Guards May Strike If Demands Not Met

Three protesters arrested for blocking traffic on Mass Ave.

As negotiations with AlliedBarton enter their fourth month without intervention from the Harvard administration, the University’s outsourced security guards voted yesterday to grant their Union leaders the power to call a strike if necessary.

As of 6 p.m. yesterday, over half of Harvard’s 250 security guards had cast their votes; at the time, the votes were unanimous in favor of granting the leaders’ authority to call a strike, according to Service Employees International Union (SEIU) 615’s Director of Organizing Lauren L. Jacobs.

“At any point, any day, the officers could strike,” Jacobs said. “I think the [security] officers will follow their leadership if it came to a strike.”

But Jacobs said the SEIU plans on continuing their negotiations with AllliedBarton “as long as progress is being made.”

Students, who have led their own protests in an effort to raise security guards’ wages, say they will support the guards’ decision to strike—if it comes to that.

“We’re 100 percent behind whatever the guards decide to do,” said Alyssa M. Aguilera ’08-’09, a member of Stand for Security, a coalition of student groups which has been advocating for higher wages for the guards.

Eleven undergraduates began a nine-day hunger strike that ended last Friday after University administrators said they would soon publish an audit examining AlliedBarton’s compliance with Harvard’s Wage and Benefits Parity Policy. The policy requires outside contractors like AlliedBarton to pay their employees wages comparable to those received by in-house, unionized employees who perform similar jobs. Currently, in-house guards are paid 19 cents more than those contracted from AlliedBarton. But students are demanding that Harvard also mandate a “living wage” for the guards, which the SEIU sets at $15 an hour.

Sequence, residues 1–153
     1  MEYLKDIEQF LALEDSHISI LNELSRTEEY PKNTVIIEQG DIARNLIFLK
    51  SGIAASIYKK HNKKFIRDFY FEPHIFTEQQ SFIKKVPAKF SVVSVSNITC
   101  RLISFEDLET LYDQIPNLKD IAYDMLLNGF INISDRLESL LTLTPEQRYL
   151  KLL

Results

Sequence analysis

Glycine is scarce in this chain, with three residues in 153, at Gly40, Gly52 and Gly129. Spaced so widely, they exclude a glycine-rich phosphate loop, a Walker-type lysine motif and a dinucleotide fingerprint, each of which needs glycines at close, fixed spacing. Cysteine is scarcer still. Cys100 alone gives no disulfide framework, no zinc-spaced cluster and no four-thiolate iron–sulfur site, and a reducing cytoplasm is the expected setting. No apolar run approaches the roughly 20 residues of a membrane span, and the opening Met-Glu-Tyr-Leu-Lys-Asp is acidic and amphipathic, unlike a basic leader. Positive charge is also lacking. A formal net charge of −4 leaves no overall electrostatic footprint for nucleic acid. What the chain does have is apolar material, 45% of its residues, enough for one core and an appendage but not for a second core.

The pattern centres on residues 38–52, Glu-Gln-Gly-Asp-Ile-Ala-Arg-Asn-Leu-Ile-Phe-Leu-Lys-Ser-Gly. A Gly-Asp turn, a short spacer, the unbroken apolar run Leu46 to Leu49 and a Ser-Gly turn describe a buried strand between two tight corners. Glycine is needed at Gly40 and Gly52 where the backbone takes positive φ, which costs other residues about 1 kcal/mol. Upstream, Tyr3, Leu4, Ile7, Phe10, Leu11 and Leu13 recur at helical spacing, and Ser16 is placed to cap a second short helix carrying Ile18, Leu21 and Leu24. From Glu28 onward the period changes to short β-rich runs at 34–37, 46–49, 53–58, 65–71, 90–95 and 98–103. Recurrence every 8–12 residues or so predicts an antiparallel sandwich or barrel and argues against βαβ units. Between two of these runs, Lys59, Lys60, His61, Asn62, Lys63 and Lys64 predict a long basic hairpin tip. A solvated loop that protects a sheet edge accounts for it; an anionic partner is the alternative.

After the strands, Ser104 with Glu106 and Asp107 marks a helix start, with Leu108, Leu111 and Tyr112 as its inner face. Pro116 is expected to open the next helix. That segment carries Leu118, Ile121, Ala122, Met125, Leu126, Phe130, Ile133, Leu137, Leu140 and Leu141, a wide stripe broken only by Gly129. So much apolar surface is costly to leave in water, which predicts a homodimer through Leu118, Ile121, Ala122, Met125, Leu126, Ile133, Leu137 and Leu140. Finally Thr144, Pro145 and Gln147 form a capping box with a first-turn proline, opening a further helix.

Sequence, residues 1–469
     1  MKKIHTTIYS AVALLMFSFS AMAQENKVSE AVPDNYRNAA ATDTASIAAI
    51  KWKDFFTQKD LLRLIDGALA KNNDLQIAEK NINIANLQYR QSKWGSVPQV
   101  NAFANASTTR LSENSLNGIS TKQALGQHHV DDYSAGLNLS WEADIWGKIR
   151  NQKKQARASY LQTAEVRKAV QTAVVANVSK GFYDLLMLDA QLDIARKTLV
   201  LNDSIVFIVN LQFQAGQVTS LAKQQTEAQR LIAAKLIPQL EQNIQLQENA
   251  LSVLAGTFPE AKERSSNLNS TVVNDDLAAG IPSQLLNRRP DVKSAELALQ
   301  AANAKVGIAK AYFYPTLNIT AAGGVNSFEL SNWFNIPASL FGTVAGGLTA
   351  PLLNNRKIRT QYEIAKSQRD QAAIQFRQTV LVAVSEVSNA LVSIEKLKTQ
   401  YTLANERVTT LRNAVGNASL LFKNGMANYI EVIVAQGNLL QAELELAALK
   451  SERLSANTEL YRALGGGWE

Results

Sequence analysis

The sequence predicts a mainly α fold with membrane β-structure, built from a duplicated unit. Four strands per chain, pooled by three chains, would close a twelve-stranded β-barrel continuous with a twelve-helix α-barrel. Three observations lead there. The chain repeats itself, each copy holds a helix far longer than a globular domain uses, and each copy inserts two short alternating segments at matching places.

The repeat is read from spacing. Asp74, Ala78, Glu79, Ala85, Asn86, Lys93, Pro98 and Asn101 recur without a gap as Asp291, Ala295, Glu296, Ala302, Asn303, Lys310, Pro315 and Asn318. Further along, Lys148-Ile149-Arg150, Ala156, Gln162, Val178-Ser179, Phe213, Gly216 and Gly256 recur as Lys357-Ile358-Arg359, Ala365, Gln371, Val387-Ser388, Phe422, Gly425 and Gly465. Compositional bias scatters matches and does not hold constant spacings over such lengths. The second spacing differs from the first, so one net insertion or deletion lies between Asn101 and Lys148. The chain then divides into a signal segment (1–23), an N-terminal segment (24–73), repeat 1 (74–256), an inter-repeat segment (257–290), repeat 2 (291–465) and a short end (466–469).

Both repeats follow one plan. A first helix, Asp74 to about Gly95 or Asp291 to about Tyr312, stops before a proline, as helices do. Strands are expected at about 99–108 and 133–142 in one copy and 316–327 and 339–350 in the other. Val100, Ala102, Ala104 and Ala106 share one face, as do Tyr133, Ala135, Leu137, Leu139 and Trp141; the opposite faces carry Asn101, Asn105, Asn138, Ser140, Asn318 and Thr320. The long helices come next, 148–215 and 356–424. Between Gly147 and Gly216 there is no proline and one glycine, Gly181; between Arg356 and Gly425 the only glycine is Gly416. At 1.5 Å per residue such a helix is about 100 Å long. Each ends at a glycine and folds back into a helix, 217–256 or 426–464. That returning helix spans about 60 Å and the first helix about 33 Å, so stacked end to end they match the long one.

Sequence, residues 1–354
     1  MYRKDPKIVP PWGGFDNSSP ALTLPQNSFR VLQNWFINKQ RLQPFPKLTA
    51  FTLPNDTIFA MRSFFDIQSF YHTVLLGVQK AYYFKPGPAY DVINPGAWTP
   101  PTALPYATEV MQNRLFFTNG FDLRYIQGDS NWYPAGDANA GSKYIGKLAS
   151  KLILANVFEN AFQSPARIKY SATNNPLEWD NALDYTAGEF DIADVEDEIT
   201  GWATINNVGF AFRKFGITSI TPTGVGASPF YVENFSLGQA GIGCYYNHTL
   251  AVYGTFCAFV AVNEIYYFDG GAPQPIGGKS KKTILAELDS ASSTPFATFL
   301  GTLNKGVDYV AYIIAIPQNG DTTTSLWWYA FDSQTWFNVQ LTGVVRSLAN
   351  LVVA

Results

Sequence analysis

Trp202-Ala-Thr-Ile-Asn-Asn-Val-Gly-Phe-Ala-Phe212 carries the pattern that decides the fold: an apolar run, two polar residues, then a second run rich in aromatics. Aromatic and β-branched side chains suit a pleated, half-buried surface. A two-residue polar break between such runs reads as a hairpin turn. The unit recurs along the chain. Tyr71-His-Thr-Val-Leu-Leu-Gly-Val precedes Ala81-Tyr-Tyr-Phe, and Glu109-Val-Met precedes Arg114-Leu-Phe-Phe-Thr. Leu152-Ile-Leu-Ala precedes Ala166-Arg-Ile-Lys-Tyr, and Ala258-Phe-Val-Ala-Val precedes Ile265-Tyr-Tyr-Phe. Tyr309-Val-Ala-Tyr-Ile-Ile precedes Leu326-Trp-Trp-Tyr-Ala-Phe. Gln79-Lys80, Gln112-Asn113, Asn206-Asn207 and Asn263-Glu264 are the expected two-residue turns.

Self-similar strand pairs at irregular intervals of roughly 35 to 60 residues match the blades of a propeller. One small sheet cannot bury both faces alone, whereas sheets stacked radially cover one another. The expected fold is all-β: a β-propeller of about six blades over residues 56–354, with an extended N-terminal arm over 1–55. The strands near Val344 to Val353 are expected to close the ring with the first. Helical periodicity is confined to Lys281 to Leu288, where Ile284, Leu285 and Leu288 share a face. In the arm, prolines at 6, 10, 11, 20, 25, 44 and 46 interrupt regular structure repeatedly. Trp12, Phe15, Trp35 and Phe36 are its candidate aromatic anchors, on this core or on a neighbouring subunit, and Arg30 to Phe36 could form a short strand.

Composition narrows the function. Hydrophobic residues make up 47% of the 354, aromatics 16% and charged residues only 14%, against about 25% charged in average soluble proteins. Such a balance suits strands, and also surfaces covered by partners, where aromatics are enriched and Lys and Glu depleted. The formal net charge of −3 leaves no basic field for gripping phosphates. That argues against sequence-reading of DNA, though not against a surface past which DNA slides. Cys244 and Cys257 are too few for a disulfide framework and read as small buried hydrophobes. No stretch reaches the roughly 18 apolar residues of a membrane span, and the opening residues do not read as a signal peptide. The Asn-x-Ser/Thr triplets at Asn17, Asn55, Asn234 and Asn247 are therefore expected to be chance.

In another protest against AlliedBarton’s wages—currently at $12.68 for security guards—three non-Harvard affiliates were arrested by the Cambridge Police Department (CPD) for blocking traffic on Mass. Ave early yesterday afternoon.

According to CPD Spokesman Frank T. Pasquarello, about 100 protestors—including undergraduates—gathered in front of the Holyoke Center before moving into Mass. Ave, last afternoon, where they proceeded to block traffic.

Three of the protestors were arrested at 1:55 p.m. and charged with disorderly conduct after refusing to move out of Mass. Ave, according to Pasquarello.

Jacobs identified those arrested as community organizers Darlene Lombos and Steve Meacham, along with SEIU 615’s chief negotiator, Michael Gallagher.

This Monday, student representatives will meet with top administrators, including Vice President for Human Resources Marilyn Hausammann, and Director of Labor and Employee Relations Bill Murphy, to further discuss the dispute over security guard wages, according to Aguilera, who is an inactive member of The Crimson’s editorial board.

Yesterday, Stand for Security received a two-page summary of the AlliedBarton audit report.

According to Eva Z. Lam ’10—a Stand for Security member who read the audit summary—the audit concludes that AlliedBarton is in compliance with Harvard’s wage parity policy.

Lam said she was disappointed with the audit because it does not address the different sizes of the comparatively larger AlliedBarton security guard union and the smaller in-house museum guard union.

Furthermore, the wages of the in-house guards are themselves unacceptable in the view of Stand for Security and SEIU Local 615.

Jamila R. Martin ’07 , one of last week’s hunger strikers, said that Harvard security officers are “basically getting parity to crappy wages.”

Representatives from AlliedBarton could not be reached for comment yesterday.

—Staff writer Khalid Abdalla can be reached at kabdalla@fas.harvard.edu.